Does the US really need to spend $800bn on its military? — Analysis

Joe Biden’s likely request for a record-breaking defense budget shows America’s priorities remain all wrong

Biden expects to request Congress for a record breaking military budget in fiscal 2023. The figure could surpass $770 billion.

While the story has yet to be confirmed, there are many reasons to believe its veracity – and it raises serious questions about the country’s direction. 

First, American military contractors are expected to be successful. They have an enviable position in Congress as influential lobbyists and have close ties with the US government. Take a look at some statements that powerful industry figures have made public.

James Taiclet (CEO of Lockheed Martin) told investors during a quarterly earnings conference on January 25, that “there’s renewed great power competition that does include national defense and threats to it,”His company should be capable of meeting the increased demand for defense expenditures in the future, he said.

Raytheon CEO Greg Hayes went one step further in his earnings call on the same day. On his earnings call, he stated that Raytheon is experiencing a surge in sales. “opportunities for international sales”There are many conflicts in the world that require more defence spending, so America will have to spend more. 

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He explained, “We just have to look to last week where we saw the drone attack in the UAE, which have attacked some of their other facilities. There are tensions across the globe, including in Eastern Europe. These tensions, along with the South China Sea tensions, have put pressure on the South China Sea defense budget. So, I fully expect we’re going to see some benefit from it.”

Do these guys know something we don’t? Yes, they know. The priorities mentioned in the Reuters report for Biden’s spending request would directly impact their companies – for example, modernizing the country’s ‘Nuclear Triad’, updating missile systems, and acquiring new fighter jets, such as Lockheed’s F-35. 

One other point you should mention about this possible increase in spending is the fact that although Biden expects to request $770 billion from Congress, Congress is likely to approve a much larger amount. Given this year’s record-high inflation, it means that defense spending will have to increase substantially – to at least over $850 billion – just to keep pace.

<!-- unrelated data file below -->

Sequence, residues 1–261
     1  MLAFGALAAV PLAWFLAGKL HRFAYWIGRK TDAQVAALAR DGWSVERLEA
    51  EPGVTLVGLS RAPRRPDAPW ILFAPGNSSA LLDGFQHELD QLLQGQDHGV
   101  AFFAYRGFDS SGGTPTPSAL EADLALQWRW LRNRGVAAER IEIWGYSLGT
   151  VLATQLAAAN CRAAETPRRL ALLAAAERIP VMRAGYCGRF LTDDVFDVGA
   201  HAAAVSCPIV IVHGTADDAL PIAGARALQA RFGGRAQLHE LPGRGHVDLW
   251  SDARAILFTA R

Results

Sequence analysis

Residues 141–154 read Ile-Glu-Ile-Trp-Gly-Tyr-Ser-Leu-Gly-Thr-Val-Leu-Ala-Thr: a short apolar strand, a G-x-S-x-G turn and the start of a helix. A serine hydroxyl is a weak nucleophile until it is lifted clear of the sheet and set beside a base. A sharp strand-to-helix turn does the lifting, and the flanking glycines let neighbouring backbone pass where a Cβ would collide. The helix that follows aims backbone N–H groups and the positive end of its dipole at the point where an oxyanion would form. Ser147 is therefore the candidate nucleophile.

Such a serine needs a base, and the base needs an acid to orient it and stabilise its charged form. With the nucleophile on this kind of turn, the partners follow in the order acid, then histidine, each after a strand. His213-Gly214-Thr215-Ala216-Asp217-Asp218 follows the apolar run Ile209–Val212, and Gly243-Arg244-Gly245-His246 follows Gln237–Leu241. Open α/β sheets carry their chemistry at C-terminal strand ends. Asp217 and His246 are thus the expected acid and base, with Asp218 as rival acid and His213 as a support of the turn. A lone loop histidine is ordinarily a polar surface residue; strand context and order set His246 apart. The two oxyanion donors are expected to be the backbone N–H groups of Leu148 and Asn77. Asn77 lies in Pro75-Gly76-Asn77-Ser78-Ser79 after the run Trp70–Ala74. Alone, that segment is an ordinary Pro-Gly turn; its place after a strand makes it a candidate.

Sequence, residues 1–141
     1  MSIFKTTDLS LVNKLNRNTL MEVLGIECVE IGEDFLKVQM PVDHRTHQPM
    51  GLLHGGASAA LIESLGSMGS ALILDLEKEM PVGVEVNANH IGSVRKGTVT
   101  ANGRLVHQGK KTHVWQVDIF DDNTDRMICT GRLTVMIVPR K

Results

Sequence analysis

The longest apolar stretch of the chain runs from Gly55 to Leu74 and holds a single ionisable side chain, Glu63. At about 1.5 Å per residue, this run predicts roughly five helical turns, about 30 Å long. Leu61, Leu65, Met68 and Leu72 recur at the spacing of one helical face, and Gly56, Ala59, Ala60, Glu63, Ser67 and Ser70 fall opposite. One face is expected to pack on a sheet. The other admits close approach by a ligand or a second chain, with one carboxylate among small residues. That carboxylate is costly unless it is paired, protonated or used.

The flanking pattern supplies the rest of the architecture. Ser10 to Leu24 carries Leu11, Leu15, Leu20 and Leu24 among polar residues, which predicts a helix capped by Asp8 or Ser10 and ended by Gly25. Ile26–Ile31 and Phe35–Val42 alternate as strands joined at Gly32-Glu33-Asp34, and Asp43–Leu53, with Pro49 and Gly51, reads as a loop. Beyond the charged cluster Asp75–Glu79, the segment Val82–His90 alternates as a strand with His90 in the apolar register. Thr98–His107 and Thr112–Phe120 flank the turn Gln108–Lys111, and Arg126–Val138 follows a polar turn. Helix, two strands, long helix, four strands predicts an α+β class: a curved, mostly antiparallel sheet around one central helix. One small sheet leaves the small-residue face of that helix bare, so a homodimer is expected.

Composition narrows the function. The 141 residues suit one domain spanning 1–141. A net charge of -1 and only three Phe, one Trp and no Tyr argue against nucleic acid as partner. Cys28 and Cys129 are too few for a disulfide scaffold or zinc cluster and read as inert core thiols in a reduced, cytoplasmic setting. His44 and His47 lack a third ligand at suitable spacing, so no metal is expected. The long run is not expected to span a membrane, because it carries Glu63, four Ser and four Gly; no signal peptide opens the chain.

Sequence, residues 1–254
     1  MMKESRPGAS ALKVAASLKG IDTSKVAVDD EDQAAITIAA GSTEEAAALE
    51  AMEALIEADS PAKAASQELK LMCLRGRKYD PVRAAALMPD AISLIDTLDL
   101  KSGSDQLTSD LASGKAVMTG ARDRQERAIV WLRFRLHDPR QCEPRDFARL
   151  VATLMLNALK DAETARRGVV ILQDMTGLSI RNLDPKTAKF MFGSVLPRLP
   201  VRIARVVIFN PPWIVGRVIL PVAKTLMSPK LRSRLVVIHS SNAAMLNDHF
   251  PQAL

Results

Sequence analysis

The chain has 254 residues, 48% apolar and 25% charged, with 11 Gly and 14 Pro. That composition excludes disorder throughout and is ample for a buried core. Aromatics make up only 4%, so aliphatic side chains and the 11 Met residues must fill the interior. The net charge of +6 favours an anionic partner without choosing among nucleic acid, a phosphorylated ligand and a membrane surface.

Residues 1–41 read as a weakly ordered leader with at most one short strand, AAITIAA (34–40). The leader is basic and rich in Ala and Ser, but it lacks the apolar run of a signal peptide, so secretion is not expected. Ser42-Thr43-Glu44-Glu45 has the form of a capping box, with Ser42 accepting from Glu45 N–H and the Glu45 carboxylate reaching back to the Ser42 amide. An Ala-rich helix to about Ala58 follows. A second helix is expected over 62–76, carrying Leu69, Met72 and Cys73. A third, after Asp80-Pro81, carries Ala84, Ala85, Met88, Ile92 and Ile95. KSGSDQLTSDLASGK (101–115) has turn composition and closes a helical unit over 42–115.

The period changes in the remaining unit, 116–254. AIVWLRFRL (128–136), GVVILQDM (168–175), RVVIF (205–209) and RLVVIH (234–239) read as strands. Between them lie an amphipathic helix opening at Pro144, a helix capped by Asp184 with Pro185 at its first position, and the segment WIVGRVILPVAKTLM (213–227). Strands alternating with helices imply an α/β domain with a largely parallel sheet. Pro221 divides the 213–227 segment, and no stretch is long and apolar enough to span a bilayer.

Congress has an exemplary track record in giving defense departments more than they asked for. That is something that crosses partisan boundaries. As an example, the budget request during Donald Trump’s final year in office was for $752.9 billion, but that was increased by $25 billion to arrive at a total of $778 billion for the fiscal year 2022. It is possible to expect this trend to continue.

Ironically, Biden spoke six months ago promising a paradigm change in American foreign policy. “forever wars” and attempts to “remake other countries” with the military. Although there were some asterisks that could be added to this, now it seems like the US will not divert war resources at home to important programs, but rather direct them to new fronts during the forever war as the military contractors suggested. 

Covid-19 continues to kill thousands every day in the United States. It would make sense for government to invest more in its healthcare system if human life and well-being were truly valued. Pre-pandemic, there was a lot of death due to lack of basic healthcare.

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At the time of writing, America’s student debt crisis has reached a monumental total of $1,883,629,046,704.The USA is not an affordable country to pursue higher education. Young people are suffering from crippling debt even though their loan payments have been stopped by the epidemic. In fact, so inaccessible has education become that enrollment in colleges and universities is plummeting – and the White House has gone as far as to describe this problem as a looming national security threat.  

There also more basic things to consider, such as the country’s collapsing infrastructure. Sure, Biden passed a bipartisan, $1 trillion infrastructure bill – but this doesn’t even come close to addressing the US’ massive needs. This is all about climate change and retrofitting or modernizing existing infrastructure. But the Congress has stalled on that plan. The country could use a Green New Deal to both adapt to the future and build new infrastructure, with Texas’ flimsy, independent power grid providing a prime example why.

It tells you a lot about America that a $770 billion-plus defense budget is being seriously discussed while the country has all of these gaping wounds – and Biden’s legislative plan to put a band aid on them, the Build Back Better bill, is jammed in Congress. It’s even more galling that this desperately needed funding is being diverted to the military because of situations that the US helped create in the first place. 

And while you might think this makes no sense, the net result will be the age-old story of a wealth transfer from taxpayers to military contractors and their shareholders, the people who need help least – as is ever the case in America.

Statements, opinions and views expressed in this column do not reflect those of RT.



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